oxygen nucleus made up of 16 protons ought to have a charge of +16, but in 
actual fact it had one of +8. 

Could it be that something was cancelling part of the positive electric charge? 


The only thing that could do so would be a negative electric charge and these 
were to be found only on electrons as far as anyone knew in 1914. It seemed 
reasonable, then, to suppose that a nucleus would contain about half as many 
electrons in addition to the protons. The electrons were so light, they wouldn’t 
affect the mass much, and they would succeed in cancelling some of the positive 

Thus, according to this early theory, now known to be incorrect, the helium 
nucleus contained not only 4 protons, but 2 electrons in addition. The helium 
nucleus would then have a mass number of 4 and an electric charge (atomic 
number) of 4 - 2, or 2. This was in accordance with observation.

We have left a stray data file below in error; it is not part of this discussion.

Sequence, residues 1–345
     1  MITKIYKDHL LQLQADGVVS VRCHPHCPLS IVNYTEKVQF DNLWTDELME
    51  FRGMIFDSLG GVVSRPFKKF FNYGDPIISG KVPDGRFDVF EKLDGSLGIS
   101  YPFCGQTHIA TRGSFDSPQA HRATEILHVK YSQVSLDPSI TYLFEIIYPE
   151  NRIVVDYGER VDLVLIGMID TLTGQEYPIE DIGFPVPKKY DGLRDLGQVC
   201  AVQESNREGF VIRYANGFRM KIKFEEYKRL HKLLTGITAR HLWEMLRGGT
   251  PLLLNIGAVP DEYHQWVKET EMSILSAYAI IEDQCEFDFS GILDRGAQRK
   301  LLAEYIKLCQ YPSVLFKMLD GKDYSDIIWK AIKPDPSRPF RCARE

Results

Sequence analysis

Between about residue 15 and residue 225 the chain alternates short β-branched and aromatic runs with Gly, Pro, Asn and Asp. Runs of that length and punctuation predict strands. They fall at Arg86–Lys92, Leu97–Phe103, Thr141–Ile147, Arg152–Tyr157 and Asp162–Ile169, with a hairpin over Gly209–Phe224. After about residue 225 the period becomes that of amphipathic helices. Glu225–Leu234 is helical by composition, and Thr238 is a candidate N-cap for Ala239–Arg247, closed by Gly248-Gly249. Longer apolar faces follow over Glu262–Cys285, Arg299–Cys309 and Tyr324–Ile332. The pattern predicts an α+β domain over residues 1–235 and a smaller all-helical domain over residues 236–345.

This “proton-electron theory” of nuclear structure accounted for isotopes very 
nicely. While oxygen-16 had a nucleus made up of 16 protons and 8 electrons, 
oxygen-17 had one of 17 protons and 9 electrons, and oxygen-18 had one of 18 
protons and 10 electrons. The mass numbers were 16, 17, and 18, respectively, 
but the atomic number was 16 - 8, 17 - 9, and 18 -10, or 8 in each case. 

Again, uranium-238 has a nucleus built up, according to this theory, of 238 
protons and 146 electrons, while uranium-235 has one built up of 235 protons 
and 143 electrons. In these cases the atomic number is, respectively, 238 - 146